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Kali Uchis makes astrological pop music, but she’s the star to watch

The Colombian American singer kept her feet on the ground at a sold-out homecoming show in Washington

Kali Uchis performs at the Anthem in D.C. Her third studio album, “Red Moon in Venus,” was released in March. (Kyle Gustafson for The Washington Post)
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By choosing to name her splendid new album “Red Moon in Venus,” Kali Uchis freighted her most luscious love songs with blurry astrological implications — which, whether you read your daily horoscope or not, feels something like a misstep. Now three albums into her career, Uchis has never sounded more assertive, more nuanced, more detail-minded, more decisive. Why cede all that volition to twinkles in the sky?

Maybe she hasn’t. Plenty of today’s pop singers seem happy to divine their fates in the woo-woo Jacuzzi of star signs and tarot cards, and on this increasingly unstable planet of ours, the notion of destiny is apparently a grounding one. But Uchis is different. In interviews, she has hinted at a belief in spiritual manifestation, and almost six years ago, she described her designs on pop stardom as a refusal to acknowledge any other outcome: “I felt like if I had a backup plan, it was like saying to the universe that I didn’t believe in myself.”

On Tuesday night, the universe seemingly had nothing to do with it. During a sold-out homecoming show at the Anthem in Washington (Uchis split her childhood between Colombia and Northern Virginia), the 28-year-old sang in a voice that was cool and willful, delivering one song that had earned her a Grammy (“10%”) and another that has clocked more than a billion streams and counting (“Telepatía”). But, ultimately, it was the sound of the few thousand voices singing along that ratified Uchis’s stardom more conclusively than any trophy, any sales stat or any other music biz résumé bullet ever could.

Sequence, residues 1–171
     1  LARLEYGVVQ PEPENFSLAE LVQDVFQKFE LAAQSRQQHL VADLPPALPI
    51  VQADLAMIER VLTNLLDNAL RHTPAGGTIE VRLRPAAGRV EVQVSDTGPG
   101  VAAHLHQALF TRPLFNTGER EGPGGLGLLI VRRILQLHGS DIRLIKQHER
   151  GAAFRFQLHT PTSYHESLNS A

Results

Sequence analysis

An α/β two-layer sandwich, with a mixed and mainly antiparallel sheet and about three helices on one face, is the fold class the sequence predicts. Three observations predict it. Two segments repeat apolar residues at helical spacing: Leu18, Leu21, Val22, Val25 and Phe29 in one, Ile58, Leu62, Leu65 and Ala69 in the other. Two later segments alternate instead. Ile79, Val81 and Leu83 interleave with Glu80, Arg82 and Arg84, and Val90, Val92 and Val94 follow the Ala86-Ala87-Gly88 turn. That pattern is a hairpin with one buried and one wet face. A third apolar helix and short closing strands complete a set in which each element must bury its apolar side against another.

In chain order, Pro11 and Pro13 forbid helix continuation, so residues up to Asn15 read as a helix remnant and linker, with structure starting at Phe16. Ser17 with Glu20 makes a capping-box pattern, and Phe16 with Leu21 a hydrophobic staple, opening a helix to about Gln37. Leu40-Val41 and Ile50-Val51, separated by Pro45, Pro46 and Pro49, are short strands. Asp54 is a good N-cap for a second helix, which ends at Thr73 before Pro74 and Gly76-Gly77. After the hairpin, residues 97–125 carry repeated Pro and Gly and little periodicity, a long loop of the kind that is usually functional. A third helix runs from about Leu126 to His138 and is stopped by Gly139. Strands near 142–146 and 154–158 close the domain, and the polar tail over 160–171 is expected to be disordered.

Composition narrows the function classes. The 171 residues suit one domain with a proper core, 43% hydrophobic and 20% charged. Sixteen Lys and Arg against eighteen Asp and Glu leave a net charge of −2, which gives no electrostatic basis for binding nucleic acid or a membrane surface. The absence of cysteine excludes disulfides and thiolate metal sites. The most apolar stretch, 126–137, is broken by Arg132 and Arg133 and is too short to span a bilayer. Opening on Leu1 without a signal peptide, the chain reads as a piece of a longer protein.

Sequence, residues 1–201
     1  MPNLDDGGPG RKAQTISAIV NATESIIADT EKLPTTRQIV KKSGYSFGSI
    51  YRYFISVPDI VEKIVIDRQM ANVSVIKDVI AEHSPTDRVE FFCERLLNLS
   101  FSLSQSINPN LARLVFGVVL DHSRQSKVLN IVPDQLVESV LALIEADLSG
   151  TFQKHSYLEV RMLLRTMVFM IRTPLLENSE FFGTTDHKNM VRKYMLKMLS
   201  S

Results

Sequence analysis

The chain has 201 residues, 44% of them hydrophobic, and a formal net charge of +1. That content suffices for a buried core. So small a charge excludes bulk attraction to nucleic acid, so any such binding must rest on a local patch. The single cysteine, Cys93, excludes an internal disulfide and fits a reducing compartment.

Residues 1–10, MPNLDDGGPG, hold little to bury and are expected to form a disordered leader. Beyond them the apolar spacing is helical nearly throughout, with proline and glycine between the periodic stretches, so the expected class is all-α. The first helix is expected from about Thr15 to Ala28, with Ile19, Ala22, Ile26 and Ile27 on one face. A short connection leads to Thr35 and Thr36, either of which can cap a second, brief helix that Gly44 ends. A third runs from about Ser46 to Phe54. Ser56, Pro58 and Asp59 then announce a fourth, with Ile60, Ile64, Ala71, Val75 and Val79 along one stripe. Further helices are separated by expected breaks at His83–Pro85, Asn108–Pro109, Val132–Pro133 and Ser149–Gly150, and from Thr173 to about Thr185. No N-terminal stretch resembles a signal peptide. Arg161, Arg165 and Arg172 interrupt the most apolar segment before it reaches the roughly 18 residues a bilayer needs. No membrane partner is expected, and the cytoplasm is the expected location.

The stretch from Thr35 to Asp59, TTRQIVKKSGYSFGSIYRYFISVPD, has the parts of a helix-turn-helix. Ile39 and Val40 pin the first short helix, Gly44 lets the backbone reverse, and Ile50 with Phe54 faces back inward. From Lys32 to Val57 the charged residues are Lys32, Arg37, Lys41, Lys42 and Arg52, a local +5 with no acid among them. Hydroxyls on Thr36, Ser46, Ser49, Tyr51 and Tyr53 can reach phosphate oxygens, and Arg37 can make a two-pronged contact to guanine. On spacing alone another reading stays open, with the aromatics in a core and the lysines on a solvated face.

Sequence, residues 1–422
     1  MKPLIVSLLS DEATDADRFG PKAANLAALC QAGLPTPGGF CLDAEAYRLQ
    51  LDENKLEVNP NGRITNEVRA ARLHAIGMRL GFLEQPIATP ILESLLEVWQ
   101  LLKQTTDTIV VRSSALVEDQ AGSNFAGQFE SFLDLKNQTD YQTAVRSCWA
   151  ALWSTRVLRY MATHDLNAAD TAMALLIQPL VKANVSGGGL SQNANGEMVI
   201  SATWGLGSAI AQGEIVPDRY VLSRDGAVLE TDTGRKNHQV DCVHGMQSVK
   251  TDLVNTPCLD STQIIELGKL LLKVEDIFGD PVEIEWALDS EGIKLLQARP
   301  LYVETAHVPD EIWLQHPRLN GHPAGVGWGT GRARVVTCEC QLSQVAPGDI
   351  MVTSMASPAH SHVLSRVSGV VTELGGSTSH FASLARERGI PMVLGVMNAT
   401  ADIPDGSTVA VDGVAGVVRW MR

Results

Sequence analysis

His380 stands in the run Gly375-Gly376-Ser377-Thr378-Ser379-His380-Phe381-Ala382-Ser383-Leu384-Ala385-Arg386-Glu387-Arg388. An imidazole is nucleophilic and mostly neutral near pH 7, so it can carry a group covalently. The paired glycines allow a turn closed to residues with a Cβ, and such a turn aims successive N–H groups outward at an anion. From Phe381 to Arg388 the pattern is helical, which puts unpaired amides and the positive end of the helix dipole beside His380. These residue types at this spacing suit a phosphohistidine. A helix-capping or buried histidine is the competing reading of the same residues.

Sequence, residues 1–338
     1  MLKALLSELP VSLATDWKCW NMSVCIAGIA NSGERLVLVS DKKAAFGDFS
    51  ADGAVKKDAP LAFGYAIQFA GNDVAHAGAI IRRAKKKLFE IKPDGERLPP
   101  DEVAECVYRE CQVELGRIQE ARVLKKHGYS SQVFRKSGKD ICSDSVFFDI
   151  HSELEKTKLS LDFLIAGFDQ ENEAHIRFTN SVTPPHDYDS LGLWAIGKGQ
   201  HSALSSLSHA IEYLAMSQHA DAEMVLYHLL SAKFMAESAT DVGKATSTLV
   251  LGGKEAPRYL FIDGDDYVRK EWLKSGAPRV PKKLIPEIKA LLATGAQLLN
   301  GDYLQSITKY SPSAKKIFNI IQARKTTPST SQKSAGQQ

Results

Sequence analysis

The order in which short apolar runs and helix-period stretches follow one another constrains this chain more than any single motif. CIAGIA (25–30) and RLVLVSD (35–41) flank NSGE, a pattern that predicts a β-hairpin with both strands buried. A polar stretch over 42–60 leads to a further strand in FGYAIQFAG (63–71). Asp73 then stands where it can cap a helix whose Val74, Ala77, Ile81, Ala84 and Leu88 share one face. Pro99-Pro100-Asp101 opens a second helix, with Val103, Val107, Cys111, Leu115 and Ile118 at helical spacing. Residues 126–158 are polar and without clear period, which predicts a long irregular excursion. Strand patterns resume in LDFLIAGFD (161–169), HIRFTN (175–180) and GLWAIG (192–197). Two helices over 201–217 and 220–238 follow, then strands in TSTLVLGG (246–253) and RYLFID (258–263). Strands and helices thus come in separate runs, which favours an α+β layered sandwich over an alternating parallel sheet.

Much of her songbook’s sing-along-able nature has to do with the flexibility of her voice, which continues to increase in elasticity and plushness. The achy melodic curves of “Melting” nodded to her adolescent fascination with jazz and Billie Holiday. The syrup-drippy phrasing of “Worth the Wait” proved her deepening fluency in neo-soul. And during a woozy “Fue Mejor,” her stealth toggling between English and Spanish felt as exciting as it did breezily conversational.

Yet, as weightless as Uchis made all of that sound, her multidirectionality always had a quiet undercurrent of intentionality and discipline — especially during “Loner,” one of the oldest songs in the set, and certainly one of the heaviest. “I don’t want to be your cigarette, I don’t want to be your ashtray,” she sang, delivering firm words in a dreamy timbre. “I don’t want to be your doormat, don’t want to be ignored, all of a sudden you’re not into me.”

Fully clear on who she does and doesn’t want to be, the next question is probably, “What to manifest now?” Her most generous answer came toward the end of the show, with “I Wish You Roses,” a standout from “Red Moon in Venus” that allowed Uchis to repeatedly sing the word “roses” in such breathy detail you could practically smell the sweetness in your mind’s schnoz.

On the face of it, “I Wish You Roses” is a pacifist breakup ballad about civility, forgiveness, closure and renewal, presumably aimed at some phantom ex. But if you allowed your mind to get as loose as Uchis’s voice sounded in that moment, you might have heard the singer manifesting a more peaceful world, offering “roses and roses and roses and roses and roses” to anyone willing to stop and smell them.